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Vacuum forming | From Wikipedia, the free encyclopedia

Vacuum forming, commonly known as vacuuforming, is a simplified version of thermoforming, whereby a sheet of plastic is heated to a forming temperature, stretched onto or into a single-surface mold (BrE, mould), and held against the mold by applying vacuum between the mold surface and the sheet. The vacuum forming process can be used to make most product packaging, speaker casings, and even car dashboards. The first commercial manufacturer of vacuum-formed plastics was Robinson Industries of Coleman, Michigan.

Normally, draft angles must be present in the design on the mold (a recommended minimum of 3°). Otherwise, release of the formed plastic and the mold will most likely be difficult.

Vacuum forming is usually, but not always, restricted to forming plastic parts that are rather shallow in depth. A thin sheet is formed into rigid cavities for unit doses of pharmaceuticals and for loose objects that are carded or presented as point-of-purchase items. Thick sheet is formed into permanent objects such as turnpike signs and protective covers.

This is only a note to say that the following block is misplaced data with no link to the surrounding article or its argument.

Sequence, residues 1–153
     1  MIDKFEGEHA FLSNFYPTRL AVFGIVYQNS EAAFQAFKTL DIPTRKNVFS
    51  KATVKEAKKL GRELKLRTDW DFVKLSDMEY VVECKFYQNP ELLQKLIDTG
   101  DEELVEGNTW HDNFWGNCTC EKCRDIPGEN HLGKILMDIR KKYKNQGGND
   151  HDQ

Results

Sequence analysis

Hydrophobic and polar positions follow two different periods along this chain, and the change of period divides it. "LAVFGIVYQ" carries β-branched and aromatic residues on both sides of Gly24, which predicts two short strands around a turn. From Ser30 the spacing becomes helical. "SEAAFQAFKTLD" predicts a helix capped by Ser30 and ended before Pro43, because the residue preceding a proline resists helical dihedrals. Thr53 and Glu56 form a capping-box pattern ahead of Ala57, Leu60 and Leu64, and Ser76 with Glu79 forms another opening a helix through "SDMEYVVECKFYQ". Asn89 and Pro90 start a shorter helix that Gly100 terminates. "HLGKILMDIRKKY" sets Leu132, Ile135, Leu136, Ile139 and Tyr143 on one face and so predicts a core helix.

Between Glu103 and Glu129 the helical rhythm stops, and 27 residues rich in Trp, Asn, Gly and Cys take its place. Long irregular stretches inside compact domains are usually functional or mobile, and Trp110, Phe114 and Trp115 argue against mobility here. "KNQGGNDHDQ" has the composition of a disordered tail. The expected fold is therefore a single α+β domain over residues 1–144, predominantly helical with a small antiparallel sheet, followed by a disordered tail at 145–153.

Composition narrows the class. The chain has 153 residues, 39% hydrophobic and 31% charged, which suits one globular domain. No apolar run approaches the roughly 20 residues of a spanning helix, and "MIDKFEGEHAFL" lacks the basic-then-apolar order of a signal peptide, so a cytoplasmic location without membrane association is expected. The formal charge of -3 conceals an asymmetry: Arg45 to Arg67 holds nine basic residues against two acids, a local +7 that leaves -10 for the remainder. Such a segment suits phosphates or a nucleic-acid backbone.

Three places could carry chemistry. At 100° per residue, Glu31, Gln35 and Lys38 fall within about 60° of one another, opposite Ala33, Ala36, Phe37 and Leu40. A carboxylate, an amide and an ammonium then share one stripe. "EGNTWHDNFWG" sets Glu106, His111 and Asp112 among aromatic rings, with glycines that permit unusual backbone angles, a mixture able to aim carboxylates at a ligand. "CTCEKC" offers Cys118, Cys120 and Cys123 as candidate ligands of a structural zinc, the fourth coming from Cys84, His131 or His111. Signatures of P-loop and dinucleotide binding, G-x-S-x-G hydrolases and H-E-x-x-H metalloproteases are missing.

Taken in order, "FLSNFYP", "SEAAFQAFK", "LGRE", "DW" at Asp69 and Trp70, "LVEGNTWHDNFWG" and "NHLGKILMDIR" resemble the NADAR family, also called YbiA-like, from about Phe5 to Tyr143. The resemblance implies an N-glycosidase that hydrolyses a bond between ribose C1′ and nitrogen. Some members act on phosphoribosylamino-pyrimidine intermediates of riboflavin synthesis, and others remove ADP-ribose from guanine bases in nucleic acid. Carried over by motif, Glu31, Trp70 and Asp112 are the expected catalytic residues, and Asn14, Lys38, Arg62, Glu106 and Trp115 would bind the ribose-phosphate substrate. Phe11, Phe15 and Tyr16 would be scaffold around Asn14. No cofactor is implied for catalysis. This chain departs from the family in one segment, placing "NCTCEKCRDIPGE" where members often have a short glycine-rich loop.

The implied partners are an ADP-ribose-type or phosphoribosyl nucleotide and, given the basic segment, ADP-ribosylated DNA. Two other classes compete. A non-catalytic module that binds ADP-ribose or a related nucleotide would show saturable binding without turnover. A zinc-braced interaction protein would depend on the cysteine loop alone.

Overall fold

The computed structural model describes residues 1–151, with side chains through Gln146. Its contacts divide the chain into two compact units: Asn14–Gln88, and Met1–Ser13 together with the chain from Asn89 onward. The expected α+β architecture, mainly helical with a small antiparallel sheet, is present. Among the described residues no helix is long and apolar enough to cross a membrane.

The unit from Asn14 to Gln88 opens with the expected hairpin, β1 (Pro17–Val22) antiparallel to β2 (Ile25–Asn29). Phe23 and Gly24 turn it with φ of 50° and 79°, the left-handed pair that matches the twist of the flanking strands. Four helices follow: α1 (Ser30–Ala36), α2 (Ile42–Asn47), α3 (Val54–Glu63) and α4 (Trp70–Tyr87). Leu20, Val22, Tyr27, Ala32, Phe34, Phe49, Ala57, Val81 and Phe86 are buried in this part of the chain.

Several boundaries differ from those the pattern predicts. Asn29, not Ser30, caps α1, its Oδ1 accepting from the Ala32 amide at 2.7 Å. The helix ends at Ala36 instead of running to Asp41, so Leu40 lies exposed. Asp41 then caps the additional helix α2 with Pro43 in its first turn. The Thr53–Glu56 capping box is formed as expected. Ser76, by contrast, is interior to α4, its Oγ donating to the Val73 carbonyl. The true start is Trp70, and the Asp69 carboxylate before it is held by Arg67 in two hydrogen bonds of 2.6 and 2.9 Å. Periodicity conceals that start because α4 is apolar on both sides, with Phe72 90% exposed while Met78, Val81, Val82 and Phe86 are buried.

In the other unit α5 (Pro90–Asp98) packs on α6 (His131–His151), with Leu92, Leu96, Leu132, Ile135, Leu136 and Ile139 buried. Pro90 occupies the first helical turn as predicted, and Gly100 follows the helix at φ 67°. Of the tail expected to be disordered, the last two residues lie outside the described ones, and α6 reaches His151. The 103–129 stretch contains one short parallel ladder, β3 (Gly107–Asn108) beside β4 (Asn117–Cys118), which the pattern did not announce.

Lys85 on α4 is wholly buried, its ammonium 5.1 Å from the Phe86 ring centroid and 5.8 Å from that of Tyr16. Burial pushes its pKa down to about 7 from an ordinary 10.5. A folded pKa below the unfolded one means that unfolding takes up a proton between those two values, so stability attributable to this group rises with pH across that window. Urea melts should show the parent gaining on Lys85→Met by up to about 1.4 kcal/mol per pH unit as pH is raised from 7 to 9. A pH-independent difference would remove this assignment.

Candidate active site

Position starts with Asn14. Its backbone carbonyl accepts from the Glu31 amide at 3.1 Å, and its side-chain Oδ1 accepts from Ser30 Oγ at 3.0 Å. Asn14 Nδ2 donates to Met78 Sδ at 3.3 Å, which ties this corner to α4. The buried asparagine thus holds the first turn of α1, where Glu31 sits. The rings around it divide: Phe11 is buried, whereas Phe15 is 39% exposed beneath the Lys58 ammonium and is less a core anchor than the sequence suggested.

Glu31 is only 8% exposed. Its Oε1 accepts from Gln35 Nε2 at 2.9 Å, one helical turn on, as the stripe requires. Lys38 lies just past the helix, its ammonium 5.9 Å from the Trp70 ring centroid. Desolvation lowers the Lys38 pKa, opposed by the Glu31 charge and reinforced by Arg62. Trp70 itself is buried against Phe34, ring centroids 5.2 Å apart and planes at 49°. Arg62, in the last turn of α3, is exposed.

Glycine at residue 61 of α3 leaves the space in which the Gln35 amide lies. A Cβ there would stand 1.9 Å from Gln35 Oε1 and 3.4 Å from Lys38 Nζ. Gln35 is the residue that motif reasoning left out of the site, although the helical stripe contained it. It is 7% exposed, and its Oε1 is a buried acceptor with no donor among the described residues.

Relatively deep parts can be formed if the form-able sheet is mechanically or pneumatically stretched prior to bringing it in contact with the mold surface and before vacuum is applied.

Suitable materials for use in vacuum forming are conventionally thermoplastics. The most common and easiest to use thermoplastic is High Impact Polystyrene Sheeting (HIPS). This is molded around a wood, structural foam or cast/machined aluminum mold and can form to almost any shape. Vacuum forming is also appropriate for transparent materials such as acrylic which are widely used in applications for aerospace such as passenger cabin window canopies for military fixed wing aircraft and "bubbles" for rotary wing aircraft.